appellant is entitled to get a decree of divorce.

F.A. No. 153/2013.

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5. The respondent sent written statement from USA to

the Court. She denied the allegations in her written

statement and pleaded that her marriage was arranged

marriage. She further denied the fact that her behavior

was rude and pleaded that she was living at Kanpur with

the appellant from December, 2007 to November, 2009 and

with the consent of the appellant and her parents she went

to South Korea for Ph.D. The appellant used to come at

South Korea and he lived with her for certain period

thereafter, the respondent went to USA. She also pleaded

that there may be differences between the husband and

wife but these are natural but the relationship between the

appellant and the respondent is cordial. The respondent

went America, however, there is no such incident

happened as pleaded by the appellant.

6. The appellant in his deposition deposed that the

respondent levelled allegation that he had relationship with

other lady. In the month of October, 2007 the respondent

attempted to commit suicide by trying to slit her wrists and

also the respondent had thrown phone at the head of the

appellant. There was some dispute when the respondent

was living with me at Kanpur from the month of December,

2007 to November 2009. In November 2009 the

respondent went to South Korea to pursue her Ph.D. I
F.A. No. 153/2013.

5

went to South Korea in the year 2010-11 two times to

meet the respondent and lived there. In July 2011 the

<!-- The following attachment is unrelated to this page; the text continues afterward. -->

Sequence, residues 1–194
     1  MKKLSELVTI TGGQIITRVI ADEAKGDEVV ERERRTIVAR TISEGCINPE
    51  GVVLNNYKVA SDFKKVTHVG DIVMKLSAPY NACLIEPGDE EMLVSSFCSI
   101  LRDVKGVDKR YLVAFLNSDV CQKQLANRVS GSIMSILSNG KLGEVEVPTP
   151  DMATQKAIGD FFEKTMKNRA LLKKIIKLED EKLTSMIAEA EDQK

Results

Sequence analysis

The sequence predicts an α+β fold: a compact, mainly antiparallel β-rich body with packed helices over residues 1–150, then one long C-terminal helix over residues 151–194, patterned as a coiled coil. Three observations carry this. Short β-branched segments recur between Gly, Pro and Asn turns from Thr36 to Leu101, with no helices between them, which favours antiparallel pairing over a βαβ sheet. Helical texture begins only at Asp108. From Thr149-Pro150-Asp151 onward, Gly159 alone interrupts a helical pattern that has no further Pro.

respondent went to USA and I also went there. My sister

was also pursuing her Ph.D. at USA, the respondent

misbehaved with me and levelled baseless allegations

against my sister. Since 2011, the respondent did not try to

contact me and there is no contact between me and

respondent.

7. Father of the appellant PW/2 deposed that the

appellant used to made complaint about the behavior of

the respondent, however, I advised him to solve problems

I also contacted the father of the respondent and informed

him that behavior of the respondent is not proper.

8. PW/3 Janvi Sharma the sister of the appellant also

stated that the respondent levelled allegation that her

brother had relationship with other lady. In the year 2011

when I went for Ph.D. at USA at that time respondent and

appellant both came to meet me, however, the respondent

levelled allegations against me at New York and other

places and her behavior was cruel.

9. The respondent examined only herself to

substantiate her claim. She pleaded that she wants to live

with the appellant as wife she does not want divorce

because it is not proper. The appellant encouraged me for
F.A. No. 153/2013.

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higher education and with his inspiration I went to South

Korea and USA for Ph.D. and he used to come there. She

denied the allegation that she had made any allegation

about sister of the appellant Janvi. She further denied the

allegation that she had done any illegal act or incidence as

levelled by the appellant. She admitted the fact that during

her residence at South Korea, the appellant made

complaint about my behaviour and my father made inquiry

about the same from me. I denied the same but my father

advised me that we have to resolve our disputes.

10. During the pendency of the appeal, the respondent

was served when she was in Germany. Number of efforts

have been made to serve the respondent. She did not

engage any lawyer to contest the case. It is a fact that

from 2011 she did not contact the appellant to resolve the

disputes and whereabouts of the respondent at present

are not known, it appears that the respondent has lost her

interest to pursue the case because even after receiving